The overarching objective of this course is to develop skills in critical reasoning.  Students will have the opportunity to participate in a final project for which they will research, analyze, discuss, and propose public policy on a current topic, such as CRISPR embryo editing. 

This course fulfills a GEP Humanities, a GEP Interdisciplinary Perspectives requirement, or the College of Humanities and Social Sciences Philosophy requirement.

PS 298 (possibly also IPGE 295 and/or SSGE 295) – Interactions of Science, Engineering and Public Policy, Dr. Clifford Griffin

This course seeks to improve students’ understanding of today’s interconnectedness between scientific and engineering innovation, public policy, and economic development. 

This course will expose students to the interdependency of these areas of study and, in the process, provide a more informed view of how our political and economic system really works. 

Students will learn the process of developing public policy through a combination of readings, lectures, class presentations from guest speakers, legislators and government officials, and a critical examination of selected engineering policy solutions and their impacts. 

After being introduced to the ideas and techniques for creating public policy, students will be exposed to the engineering design process. 

The process of developing public policy will then be examined through the lens of engineering design. 

Students will critically examine case studies of policy developed around technological issues and identify both the policy and the engineering design approaches to solving problems. 

Students will produce their own creative solution to a current policy by drawing upon both the policy and the engineering approaches to problem-solving.

If taken as PS 298, the course can satisfy three of the hours of Social Sciences required by the College of Humanities of Social Science that go beyond the six hours of GEP Social Sciences, but it would not count as a GEP Social Science under that listing. 

If taken as IPGE 295 (pending approval to be offered as such), the course will satisfy 3 credits of the GEP Interdisciplinary Perspectives requirement.

If taken as SSGE 295 (pending approval to be offered as such), the course will satisfy a GEP Social Sciences requirement. 

Note – when searching for IPGE 295 in the Enrollment Wizard, use the course subject, “GEP-IPGE”; similarly when searching for SSGE 295 in the Enrollment Wizard, use the course subject, “GEP-SSGE.”

REL 210 – Religious Traditions of the World, Dr. Levi McLaughlin

This course provides a sweeping overview of major Eastern and Western religious traditions with attention to their teachings and practices as well as to the historical, geographical, social, and political settings in which they arose and developed. 

The class may include visits to religious sites in and around Raleigh. It pays particular attention to the lives of ordinary religious practitioners in contemporary society through case studies, which may include religion in the context of disaster as well as religion and contemporary world politics.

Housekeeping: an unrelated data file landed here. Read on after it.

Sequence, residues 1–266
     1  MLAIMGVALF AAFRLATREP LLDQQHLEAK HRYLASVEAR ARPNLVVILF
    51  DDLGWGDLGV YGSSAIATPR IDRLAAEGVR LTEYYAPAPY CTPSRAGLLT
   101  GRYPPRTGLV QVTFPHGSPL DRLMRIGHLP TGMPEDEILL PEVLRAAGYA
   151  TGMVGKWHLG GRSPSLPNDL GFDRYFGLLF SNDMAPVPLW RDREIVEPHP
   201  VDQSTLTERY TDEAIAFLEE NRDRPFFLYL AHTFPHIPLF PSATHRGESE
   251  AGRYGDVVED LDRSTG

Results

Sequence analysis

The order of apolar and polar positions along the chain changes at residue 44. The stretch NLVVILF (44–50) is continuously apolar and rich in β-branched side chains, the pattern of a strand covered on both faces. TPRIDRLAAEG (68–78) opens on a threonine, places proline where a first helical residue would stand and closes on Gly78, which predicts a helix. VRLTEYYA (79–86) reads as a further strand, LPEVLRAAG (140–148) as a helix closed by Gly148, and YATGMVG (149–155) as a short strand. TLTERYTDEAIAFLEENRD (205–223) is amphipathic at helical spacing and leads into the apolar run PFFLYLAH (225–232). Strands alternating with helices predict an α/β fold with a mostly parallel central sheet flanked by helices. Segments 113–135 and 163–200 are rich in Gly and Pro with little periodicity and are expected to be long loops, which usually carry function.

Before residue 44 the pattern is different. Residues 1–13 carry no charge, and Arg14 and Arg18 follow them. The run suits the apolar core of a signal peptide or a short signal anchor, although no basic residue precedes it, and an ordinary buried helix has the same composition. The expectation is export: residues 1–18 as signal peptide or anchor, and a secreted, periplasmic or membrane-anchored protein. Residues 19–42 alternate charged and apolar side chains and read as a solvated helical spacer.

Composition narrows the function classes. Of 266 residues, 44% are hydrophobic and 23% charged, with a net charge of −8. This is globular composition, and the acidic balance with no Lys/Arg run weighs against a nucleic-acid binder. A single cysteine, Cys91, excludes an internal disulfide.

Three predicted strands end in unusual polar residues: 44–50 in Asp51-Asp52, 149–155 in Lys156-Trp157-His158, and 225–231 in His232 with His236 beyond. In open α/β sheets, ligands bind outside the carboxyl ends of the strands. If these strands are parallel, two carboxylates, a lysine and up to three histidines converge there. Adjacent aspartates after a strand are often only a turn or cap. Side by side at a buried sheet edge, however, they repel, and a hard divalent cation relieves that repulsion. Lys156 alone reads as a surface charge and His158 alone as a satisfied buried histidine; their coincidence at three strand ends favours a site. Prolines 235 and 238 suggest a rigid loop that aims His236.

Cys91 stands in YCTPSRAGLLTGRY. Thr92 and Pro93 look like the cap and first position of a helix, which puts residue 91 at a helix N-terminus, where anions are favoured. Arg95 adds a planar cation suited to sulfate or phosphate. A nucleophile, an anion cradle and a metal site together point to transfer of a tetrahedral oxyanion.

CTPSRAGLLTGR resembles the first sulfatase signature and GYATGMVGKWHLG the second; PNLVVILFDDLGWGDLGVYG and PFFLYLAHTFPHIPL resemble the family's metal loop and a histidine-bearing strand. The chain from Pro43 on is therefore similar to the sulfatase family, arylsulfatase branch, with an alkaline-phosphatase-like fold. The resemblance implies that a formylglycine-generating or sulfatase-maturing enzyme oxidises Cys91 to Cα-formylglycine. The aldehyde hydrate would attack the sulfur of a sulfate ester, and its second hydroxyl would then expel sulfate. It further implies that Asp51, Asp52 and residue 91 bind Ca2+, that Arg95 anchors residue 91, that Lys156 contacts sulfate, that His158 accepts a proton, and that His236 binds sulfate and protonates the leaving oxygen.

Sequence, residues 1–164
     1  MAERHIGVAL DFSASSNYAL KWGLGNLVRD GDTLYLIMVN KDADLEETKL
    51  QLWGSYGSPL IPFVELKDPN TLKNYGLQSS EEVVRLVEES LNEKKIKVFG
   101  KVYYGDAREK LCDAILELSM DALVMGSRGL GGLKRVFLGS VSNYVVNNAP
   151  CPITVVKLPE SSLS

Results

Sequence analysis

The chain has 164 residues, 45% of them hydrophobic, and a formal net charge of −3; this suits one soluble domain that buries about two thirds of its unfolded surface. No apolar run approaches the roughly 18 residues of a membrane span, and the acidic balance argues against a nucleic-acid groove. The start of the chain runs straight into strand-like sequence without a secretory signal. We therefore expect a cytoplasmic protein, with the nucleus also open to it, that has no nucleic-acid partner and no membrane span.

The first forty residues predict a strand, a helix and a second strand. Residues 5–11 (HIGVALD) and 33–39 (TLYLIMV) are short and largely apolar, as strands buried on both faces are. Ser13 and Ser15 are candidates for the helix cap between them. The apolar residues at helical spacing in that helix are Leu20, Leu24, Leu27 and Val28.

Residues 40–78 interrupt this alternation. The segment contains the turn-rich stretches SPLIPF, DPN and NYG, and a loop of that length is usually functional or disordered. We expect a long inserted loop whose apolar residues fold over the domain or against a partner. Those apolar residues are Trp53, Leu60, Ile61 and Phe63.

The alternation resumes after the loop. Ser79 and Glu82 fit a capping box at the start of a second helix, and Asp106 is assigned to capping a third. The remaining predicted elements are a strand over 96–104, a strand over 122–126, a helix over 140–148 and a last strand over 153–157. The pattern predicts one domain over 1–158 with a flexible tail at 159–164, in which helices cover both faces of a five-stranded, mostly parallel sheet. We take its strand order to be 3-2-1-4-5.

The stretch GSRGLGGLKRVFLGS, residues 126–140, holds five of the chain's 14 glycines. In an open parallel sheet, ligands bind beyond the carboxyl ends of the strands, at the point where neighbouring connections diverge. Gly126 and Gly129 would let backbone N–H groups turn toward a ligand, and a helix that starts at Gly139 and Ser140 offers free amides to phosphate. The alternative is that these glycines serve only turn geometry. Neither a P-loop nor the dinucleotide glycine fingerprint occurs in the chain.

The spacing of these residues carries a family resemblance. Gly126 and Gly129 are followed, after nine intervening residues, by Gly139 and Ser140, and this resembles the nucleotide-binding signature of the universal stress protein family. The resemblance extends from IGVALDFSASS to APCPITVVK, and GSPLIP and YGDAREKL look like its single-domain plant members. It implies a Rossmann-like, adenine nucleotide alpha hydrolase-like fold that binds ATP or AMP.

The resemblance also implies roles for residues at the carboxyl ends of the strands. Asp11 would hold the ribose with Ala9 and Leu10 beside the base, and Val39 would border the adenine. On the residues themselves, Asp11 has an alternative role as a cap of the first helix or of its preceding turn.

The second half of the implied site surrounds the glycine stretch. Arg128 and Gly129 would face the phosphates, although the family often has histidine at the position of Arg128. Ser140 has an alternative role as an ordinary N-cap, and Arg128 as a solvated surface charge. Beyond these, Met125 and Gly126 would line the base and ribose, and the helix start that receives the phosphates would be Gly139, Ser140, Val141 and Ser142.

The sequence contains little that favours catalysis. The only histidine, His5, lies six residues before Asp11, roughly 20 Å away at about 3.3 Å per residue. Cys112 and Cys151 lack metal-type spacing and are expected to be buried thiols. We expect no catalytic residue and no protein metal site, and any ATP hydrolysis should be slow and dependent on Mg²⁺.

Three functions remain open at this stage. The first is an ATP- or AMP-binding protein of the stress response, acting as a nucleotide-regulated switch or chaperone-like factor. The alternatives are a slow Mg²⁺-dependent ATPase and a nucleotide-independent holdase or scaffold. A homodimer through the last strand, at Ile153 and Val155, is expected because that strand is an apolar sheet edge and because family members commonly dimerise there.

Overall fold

These case studies make lived experience the primary context within which to interpret doctrines, institutions, practices, and dispositions within influential faith traditions, including Judaism, Christianity, Islam, Hinduism, Buddhism, and others.

By gaining an appreciation for how these traditions emerged historically and how they take shape in our world today, students learn about the centrality of religion within societies around the globe. 

This course fulfills a GEP Humanities or the College of Humanities and Social Sciences Arts & Letters requirement as well as the GEP Global Knowledge requirement.

SW 260 –  Intro to Gerontology: An interdisciplinary field practice, Dr. Karen Bullock

This integrative seminar is an introduction to gerontology as an interdisciplinary field of practice. It helps students understand the demographics and trends among older adults in the United States, in order to provide a context for practice. 

Students explore characteristics of diverse aging populations, trends and projections, myths and realities of aging, based on current data and scholarly reports.  The course addresses cultural issues and family dynamics, emotional, psychological and physiological changes in aging, theoretical and conceptual approaches to address disparities. 

Case studies, media technology, group exercises and assigned readings will enrich the classroom discussions. 

Knowledge gained in the classroom about contemporary issues including health (mental health) and nutrition, financial and social sustainability, elder law (policy), caregiving, end-of-life care, bereavement and loss will be expounded through community engagement assignments and experiential learning. 

The course satisfies a GEP Interdisciplinary Perspectives requirement as well as the GEP US Diversity requirement.

Maymester 2022 Graduate Courses

MLS 501 – Seminar in Liberal Studies: “Black Faith Matters”, Dr.  Xavier Pickett

Why and how does faith matter to Americans of African descent? How has faith been a form of entrapment or empowerment? In what ways does faith matter in public?

This interdisciplinary seminar will explore these questions and how faith has mattered from a broad range of perspectives, tracing it from slavery to the development of independent Black churches to social movements like the Civil Rights Movement and #BlackLivesMatters.

This course incorporates disciplines such as history, politics, theological studies, ethics, women’s and gender studies, and sociology.

Classroom sessions are complemented by guest speakers and site visits (e.g., churches, faith-based civic organizations, divinity schools).